The Official Journal of EuroPCR and the European Association of Percutaneous Coronary Interventions (EAPCI)

Prediction of radial crossover in acute coronary syndromes: derivation and validation of the MATRIX score

DOI: 10.4244/EIJ-D-21-00441

1. Department of Cardiology, Inselspital, University of Bern, Bern, Switzerland; 2. Division of Cardiology, Department of Translational Medicine, University of Campania “Luigi Vanvitelli”, Caserta, Italy; 3. Department of Medicine, McMaster University, and Hamilton Health Sciences, Hamilton, ON, Canada; 4. Clinical Trials Unit, University of Bern, Bern, Switzerland; 5. Erasmus University Medical Center, Rotterdam, the Netherlands; 6. Department of Advanced Biomedical Sciences, Federico II University of Naples, Naples, Italy; 7. University of Pavia and Fondazione IRCCS Policlinico S.Matteo, Pavia, Italy; 8. Department of Cardiology and Critical Care Medicine, Hartcentrum Hasselt, Jessa Ziekenhuis, Hasselt, Belgium; 9. Faculty of Medicine and Life Sciences, University of Hasselt, Hasselt, Belgium; 10. Unit of Cardiology, Department of Clinical and Experimental Medicine, University of Messina, Messina, Italy; 11. Department of Biomedicine and Prevention, University of Rome Tor Vergata, Rome, Italy; 12. Department of Medical-Surgical Sciences and Biotechnologies, Sapienza University of Rome, Latina, Italy; 13. Mediterranea Cardiocentro, Naples, Italy; 14. Fondazione Policlinico Universitario A. Gemelli IRCCS, Rome, Italy; 15. Cardiocentro Ticino Institute, Ente Ospedaliero Cantonale, Lugano, Switzerland

Background: The radial artery is recommended by international guidelines as the default vascular access in patients with acute coronary syndromes (ACS) managed invasively. However, crossover from radial to femoral access is required in 4-10% of cases and has been associated with worse outcomes. No standardised algorithm exists to predict the risk of radial crossover.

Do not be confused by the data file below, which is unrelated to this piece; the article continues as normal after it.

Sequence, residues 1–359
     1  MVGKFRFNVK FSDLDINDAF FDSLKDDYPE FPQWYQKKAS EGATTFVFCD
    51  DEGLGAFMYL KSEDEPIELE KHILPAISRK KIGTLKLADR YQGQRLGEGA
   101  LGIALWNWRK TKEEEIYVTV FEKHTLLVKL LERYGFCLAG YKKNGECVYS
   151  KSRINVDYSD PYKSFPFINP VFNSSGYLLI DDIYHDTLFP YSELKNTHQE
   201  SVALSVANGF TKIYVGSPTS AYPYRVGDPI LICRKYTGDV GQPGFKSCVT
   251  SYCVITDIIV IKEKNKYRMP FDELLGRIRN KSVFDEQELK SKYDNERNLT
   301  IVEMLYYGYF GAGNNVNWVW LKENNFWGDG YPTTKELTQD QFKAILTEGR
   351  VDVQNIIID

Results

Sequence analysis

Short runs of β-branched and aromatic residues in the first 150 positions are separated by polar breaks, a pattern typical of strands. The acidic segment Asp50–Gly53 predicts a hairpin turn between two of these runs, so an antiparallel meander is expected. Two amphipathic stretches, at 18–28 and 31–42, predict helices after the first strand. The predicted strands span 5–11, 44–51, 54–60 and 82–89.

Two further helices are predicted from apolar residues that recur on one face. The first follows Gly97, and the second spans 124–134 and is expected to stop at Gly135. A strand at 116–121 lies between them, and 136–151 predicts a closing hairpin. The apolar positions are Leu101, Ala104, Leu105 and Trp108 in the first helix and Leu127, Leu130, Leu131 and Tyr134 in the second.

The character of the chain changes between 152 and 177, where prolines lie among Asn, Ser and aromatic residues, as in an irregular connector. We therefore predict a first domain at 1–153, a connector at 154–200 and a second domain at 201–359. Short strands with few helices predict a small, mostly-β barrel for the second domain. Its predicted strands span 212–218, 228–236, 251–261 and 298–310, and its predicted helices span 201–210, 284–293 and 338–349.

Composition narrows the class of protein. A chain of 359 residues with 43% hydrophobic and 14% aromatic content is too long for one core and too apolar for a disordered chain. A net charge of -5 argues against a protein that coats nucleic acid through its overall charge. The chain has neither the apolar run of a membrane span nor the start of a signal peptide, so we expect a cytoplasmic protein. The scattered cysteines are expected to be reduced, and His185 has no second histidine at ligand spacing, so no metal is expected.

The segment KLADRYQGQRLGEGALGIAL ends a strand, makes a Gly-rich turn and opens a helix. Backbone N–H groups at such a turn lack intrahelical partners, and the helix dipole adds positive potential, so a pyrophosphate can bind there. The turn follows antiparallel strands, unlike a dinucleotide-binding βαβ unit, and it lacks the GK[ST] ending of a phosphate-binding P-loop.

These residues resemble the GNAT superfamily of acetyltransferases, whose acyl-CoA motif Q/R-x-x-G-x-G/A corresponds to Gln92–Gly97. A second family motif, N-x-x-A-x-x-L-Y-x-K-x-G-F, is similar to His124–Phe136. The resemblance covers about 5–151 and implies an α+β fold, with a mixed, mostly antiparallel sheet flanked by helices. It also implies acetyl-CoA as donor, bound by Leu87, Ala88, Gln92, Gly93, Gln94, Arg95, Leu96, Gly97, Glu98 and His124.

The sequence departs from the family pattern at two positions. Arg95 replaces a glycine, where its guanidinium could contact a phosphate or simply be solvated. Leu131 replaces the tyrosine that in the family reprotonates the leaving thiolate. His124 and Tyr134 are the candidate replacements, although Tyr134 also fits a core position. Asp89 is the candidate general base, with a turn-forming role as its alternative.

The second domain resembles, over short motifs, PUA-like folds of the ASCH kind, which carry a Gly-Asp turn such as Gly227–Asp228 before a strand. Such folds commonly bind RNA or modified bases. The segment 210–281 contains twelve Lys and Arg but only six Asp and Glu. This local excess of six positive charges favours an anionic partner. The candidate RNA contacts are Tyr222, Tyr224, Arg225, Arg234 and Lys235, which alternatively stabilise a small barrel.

Aims: We sought to derive and externally validate a risk score to predict radial crossover in patients with ACS managed invasively.

Methods: The derivation cohort consisted of 4,197 patients with ACS undergoing invasive management via the randomly allocated radial access from the MATRIX trial. Using logistic regression, we selected predictors of radial crossover and developed a numerical risk score. External validation was accomplished among 3,451 and 491 ACS patients managed invasively and randomised to radial access from the RIVAL and RIFLE-STEACS trials, respectively.

Results: The MATRIX score (age, height, smoking, renal failure, prior coronary artery bypass grafting, ST-segment elevation myocardial infarction, Killip class, radial expertise) showed a c-index for radial crossover of 0.71 (95% CI: 0.67-0.75) in the derivation cohort. Discrimination ability was modest in the RIVAL (c-index: 0.64; 95% CI: 0.59-0.67) and RIFLE-STEACS (c-index: 0.66; 95% CI: 0.57-0.75) cohorts. A cut-off of ≥41 points was selected to identify patients at high risk of radial crossover.

Conclusions: The MATRIX score is a simple eight-item risk score which provides a standardised tool for the prediction of radial crossover among patients with ACS managed invasively. This tool can assist operators in anticipating and better addressing difficulties related to transradial procedures, potentially improving outcomes.

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